The Bass, the River, and Sheila Mant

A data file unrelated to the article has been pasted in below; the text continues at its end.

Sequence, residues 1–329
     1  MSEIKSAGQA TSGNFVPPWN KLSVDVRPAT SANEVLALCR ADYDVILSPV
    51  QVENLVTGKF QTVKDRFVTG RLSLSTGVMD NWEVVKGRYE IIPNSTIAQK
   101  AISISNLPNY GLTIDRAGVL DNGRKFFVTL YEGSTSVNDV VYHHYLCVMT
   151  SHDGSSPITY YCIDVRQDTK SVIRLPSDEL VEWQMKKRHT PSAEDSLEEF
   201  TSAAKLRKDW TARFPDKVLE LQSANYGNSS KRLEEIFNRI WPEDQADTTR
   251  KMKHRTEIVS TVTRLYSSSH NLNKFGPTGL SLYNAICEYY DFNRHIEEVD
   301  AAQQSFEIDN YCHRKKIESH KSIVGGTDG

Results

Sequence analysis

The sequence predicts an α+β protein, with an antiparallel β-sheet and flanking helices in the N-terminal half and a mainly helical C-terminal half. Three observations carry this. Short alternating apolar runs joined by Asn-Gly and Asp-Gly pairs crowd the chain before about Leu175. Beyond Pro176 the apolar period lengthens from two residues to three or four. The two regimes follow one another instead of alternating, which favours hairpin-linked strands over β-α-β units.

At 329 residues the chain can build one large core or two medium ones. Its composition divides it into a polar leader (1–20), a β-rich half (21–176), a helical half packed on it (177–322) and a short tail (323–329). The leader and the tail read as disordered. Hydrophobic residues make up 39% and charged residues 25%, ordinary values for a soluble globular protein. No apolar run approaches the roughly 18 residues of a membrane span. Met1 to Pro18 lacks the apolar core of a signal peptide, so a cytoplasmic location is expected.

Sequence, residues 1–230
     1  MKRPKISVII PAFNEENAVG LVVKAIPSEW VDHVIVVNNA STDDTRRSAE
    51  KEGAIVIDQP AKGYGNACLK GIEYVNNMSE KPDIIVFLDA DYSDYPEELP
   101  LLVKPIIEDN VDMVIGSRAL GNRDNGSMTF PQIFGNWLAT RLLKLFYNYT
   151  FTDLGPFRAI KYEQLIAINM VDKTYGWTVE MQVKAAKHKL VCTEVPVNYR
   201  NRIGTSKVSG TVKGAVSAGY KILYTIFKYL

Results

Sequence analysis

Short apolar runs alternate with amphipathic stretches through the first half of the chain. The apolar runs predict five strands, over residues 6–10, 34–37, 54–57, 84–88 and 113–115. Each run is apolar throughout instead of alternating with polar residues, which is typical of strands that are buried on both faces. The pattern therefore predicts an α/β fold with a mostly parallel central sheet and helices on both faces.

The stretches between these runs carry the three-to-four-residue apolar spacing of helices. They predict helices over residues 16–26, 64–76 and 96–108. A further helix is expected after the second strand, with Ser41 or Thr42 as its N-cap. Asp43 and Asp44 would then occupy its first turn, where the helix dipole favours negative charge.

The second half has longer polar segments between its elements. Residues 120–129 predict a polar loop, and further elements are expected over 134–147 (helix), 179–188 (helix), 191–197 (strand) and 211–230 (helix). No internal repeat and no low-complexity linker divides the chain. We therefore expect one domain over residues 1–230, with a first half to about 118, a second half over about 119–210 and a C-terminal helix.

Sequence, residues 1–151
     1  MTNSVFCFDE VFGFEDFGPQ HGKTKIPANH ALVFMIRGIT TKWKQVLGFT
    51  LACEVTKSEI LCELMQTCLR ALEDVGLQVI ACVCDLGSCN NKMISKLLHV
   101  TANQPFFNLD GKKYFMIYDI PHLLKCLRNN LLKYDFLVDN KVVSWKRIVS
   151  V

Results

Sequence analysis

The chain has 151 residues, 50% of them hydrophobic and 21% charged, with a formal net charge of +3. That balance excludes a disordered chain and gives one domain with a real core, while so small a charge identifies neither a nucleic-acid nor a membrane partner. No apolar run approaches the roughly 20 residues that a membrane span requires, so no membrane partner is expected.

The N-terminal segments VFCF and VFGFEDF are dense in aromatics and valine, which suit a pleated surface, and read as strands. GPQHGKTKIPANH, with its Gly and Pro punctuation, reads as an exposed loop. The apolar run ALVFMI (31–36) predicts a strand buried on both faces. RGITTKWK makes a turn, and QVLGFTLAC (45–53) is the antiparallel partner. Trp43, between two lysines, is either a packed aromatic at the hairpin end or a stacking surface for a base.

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“The Bass, the River, and Sheila Mant” In the late 1940s, Mr. Bernard M. Baruch - the US former presidential advisor through the two World Wars- has a famous quote “Be who you are and say what you feel, because those who mind don’t matter and those who matter don’t mind.” Forty years later, in 1985, the validity of this quote is once again depicted in the short story “The Bass, the River, and Sheila Mant”. The story “The Bass, the River, and Sheila Mant” by W. D. Wetherell takes place in the Connecticut River in the summer early 1960s. The main character, also the narrator, is a fourteen-year-old boy who is attracted by two things at that time of his life: the bass and Sheila Mant. Sheila Mant is a seventeen-year-old girl who stays at the cottage next to the boy’s house by the river. The main character pays a lot attention on Sheila. He learns her moods through her sunbathing positions. He swims endlessly to win her attention, but she is never watching. One day on August, the boy asks Sheila out for a concert in Dixford by canoeing. After she agrees, he spends huge efforts for careful preparations for this first dates. Since it is a habit which he gets used to through his summer time, the boy also automatically sticks the rod with reel in the stern without thinking. The dating time comes; the main character comes and picks Sheila up. During the way to Dixford, Sheila keeps talking about herself and the styles. While she is talking, coincidentally a big bass is hooked by the boy’s rod. However previously Sheila says that “Fishing is dumb”, the boy decides to cut the line freeing the bass. Finally, they approach the fair. But at the end, Sheila leaves the boy for going home in Eric Caswell’s Corvette after saying “You’re a funny kid, you know that?” (line 252). After that the boy has lost interest in Sheila, but the memory of the lost bass haunts him forever since

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